In the annual Singapore Energy Statistics report by the Energy Market Authority (EMA) electricity consumption by the industrial sector took the lion’s share, with around 43% while commercial sector took quite closely behind with 36%. In the past years, we engaged industrial-type buildings to help them manage their distributed energy resources (solar panels and batteries, more of that later).
In 2019, we started looking at helping commercial buildings to better manage their energy efficiency, in particular for offices, malls and campuses. The Building and Construction Authority (BCA) reported that for commercial buildings, average the split between tenant and common areas is almost equal. This means to enable the building’s energy efficiency, we need to work on both the tenant and common areas.
The first customer for our product for the tenant areas is one of the most prominent locations in Singapore, Changi Airport. Changi Airport is one of the largest transportation hub in Asia and is currently rated the World’s Best Airport by Skytrax for seven consecutive years.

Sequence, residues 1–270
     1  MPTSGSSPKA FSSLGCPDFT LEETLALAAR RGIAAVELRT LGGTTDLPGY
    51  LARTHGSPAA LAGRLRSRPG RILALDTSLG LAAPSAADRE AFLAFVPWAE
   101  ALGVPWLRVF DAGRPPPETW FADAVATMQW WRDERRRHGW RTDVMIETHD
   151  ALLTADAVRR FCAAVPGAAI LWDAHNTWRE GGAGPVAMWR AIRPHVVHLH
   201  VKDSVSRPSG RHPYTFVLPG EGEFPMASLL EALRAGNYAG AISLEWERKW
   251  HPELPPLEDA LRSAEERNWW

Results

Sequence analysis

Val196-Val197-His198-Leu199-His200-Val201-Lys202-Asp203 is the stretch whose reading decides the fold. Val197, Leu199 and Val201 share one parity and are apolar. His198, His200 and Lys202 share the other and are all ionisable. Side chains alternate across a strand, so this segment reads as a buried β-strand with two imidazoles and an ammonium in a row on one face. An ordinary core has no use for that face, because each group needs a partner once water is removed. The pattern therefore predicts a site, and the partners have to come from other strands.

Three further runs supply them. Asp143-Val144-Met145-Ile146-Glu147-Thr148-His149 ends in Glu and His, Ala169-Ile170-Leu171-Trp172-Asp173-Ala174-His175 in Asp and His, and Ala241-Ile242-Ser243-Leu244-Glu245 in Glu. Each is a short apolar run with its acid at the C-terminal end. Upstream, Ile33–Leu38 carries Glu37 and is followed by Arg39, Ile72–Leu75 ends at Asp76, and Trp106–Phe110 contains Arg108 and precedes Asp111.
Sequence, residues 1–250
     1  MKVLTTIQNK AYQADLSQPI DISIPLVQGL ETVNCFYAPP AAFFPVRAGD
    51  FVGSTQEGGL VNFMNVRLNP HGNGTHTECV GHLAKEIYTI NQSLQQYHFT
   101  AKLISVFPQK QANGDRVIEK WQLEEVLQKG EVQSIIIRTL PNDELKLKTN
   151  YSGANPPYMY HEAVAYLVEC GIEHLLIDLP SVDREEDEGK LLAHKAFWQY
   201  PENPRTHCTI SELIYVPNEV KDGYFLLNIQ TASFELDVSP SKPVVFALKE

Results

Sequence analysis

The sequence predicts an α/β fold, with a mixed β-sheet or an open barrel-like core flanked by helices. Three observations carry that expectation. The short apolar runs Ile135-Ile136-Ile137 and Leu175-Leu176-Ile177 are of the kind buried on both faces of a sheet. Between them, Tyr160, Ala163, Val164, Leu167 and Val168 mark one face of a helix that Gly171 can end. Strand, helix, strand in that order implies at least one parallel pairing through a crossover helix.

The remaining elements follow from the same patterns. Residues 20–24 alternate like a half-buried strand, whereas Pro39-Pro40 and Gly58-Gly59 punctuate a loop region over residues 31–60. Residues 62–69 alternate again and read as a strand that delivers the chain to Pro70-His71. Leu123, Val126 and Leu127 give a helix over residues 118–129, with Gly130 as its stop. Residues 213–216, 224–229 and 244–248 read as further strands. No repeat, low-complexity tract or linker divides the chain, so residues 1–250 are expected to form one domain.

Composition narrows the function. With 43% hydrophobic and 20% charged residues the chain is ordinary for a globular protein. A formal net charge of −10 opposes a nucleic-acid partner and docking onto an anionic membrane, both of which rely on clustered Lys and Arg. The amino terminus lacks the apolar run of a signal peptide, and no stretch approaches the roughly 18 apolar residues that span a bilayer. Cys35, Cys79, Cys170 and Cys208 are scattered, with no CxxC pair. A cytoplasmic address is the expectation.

Through a rigorous process we showcased the value that we can bring to Changi Airport and successfully won the tender to help them manage the tenant utilities in Terminal 3. While ostensibly an airport terminal, Terminal 3 is also sizeable mall of its own right, with close to 100 retail stores, fitting nicely into our customer category of malls.
We deployed smart electricity and waters meters for their tenants and aggregated the meter data through a wireless mesh network that connects all the meters together, becoming one of the first to integrate smart electricity and water meters together in a single wireless network within a building. Using a combination of smart meters and advanced operational analytics, we helped Changi Airport to cut down their operational costs by more than 40%.
Not long after, HDB Connection One also started using our product. HDB Connection One is an iconic cluster of 2 office towers and 3 podiums at Bukit Merah Central with more than 100 tenanted office spaces, and anchor tenants including SingHealth, Singapore Pools and Surbana Jurong.
Our latest win is the Nanyang Technological University (NTU). NTU (which is also my alma mater) is the second largest university in Singapore with about 38,000 students, faculty and staff but has the largest university campus in Singapore (about 200 hectares).
Our SP Universal Gateway (SPUG) is literally a gateway to a building’s Building Management System (BMS), integrating to request information and derive additional recommended intelligence to the building owner.